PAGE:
The spell of words … a wonderful book in which a Booker prizewinner explains what makes classic short stories work so well
This book is a delight, and it’s about delight too. How necessary, at our particular moment. Novelist and short story writer George Saunders has been teaching creative writing at Syracuse University in the US for the last 20 years, including a course in the 19th-century Russian short story in translation. “A few years back, after the end of one class (chalk dust hovering in the autumnal air, old-fashioned radiator clanking in the corner, marching band processing somewhere in the distance, let’s say),” he had the realisation that “some of the best moments of my life, the moments during which I’ve really felt myself offering something of value to the world, have been spent teaching that Russian class.”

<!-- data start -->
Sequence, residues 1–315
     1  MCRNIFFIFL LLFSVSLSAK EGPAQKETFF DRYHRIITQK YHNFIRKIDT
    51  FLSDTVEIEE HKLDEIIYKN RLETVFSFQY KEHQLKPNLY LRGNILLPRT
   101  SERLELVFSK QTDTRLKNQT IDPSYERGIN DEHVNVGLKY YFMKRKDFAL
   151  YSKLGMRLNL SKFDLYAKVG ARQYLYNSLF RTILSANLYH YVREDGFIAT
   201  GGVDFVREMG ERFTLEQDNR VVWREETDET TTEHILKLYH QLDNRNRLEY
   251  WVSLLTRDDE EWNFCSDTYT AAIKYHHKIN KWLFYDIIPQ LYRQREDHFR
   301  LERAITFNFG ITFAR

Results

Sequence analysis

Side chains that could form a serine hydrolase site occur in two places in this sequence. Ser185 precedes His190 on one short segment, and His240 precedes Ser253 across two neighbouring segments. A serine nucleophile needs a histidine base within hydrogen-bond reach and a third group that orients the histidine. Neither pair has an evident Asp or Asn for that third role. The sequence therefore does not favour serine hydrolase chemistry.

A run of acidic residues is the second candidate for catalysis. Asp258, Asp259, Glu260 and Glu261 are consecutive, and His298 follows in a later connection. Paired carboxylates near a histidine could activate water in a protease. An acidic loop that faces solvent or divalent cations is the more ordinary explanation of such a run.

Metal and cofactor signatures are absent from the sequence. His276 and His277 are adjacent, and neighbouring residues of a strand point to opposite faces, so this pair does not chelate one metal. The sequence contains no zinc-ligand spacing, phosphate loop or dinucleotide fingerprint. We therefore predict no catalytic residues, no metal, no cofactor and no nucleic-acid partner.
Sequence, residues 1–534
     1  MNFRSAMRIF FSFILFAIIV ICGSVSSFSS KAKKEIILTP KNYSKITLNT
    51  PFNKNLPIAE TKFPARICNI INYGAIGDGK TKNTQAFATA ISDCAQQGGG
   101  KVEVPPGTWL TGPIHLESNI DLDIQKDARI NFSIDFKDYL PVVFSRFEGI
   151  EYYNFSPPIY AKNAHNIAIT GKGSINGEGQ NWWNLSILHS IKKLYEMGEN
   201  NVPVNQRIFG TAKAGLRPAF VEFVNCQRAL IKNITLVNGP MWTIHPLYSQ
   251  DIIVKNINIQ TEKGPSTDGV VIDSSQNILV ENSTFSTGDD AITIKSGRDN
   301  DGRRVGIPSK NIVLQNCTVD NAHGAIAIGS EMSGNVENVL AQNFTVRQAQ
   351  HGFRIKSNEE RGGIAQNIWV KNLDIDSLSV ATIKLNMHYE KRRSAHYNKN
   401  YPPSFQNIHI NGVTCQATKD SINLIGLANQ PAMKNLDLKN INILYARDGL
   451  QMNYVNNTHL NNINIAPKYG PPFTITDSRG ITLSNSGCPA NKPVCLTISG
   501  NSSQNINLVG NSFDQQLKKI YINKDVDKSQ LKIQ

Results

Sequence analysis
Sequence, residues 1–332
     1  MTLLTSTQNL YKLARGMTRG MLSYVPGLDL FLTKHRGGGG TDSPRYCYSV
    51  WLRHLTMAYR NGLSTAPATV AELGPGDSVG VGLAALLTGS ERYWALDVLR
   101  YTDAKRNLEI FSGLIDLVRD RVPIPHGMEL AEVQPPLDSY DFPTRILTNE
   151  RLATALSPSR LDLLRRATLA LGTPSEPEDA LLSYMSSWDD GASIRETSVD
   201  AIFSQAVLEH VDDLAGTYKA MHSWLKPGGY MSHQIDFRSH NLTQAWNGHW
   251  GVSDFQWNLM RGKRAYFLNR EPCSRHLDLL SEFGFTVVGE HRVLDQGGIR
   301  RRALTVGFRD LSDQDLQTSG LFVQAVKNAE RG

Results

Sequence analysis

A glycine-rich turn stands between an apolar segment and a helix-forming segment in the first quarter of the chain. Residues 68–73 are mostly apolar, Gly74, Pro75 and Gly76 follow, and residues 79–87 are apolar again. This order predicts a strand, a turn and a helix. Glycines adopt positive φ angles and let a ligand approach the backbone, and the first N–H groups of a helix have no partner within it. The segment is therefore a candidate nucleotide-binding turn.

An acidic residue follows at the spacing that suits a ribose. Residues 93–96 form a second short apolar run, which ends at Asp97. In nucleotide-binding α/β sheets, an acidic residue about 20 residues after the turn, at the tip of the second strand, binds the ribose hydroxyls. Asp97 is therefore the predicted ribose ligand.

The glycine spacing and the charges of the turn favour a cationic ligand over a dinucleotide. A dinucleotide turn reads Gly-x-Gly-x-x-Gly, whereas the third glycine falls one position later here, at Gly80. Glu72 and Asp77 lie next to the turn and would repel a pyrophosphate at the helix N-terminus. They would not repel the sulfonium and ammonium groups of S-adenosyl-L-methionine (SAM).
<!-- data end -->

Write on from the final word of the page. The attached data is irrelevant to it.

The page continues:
I love the warmth with which he writes about this teaching, and agree wholeheartedly that there’s not much on earth as good, if you’re that way inclined, as an afternoon spent discussing sublime fiction with a class of eagerly intelligent apprentice writers, saturated in the story and greedy for insight and understanding (everyone saturated and greedy, the teacher along with the rest). He’s right, too – as well as appealingly modest – in thinking that the best teaching is “of value” straightforwardly, as writing itself somehow can’t be. You don’t get up from your writing table believing you’ve done something “of value to the world”.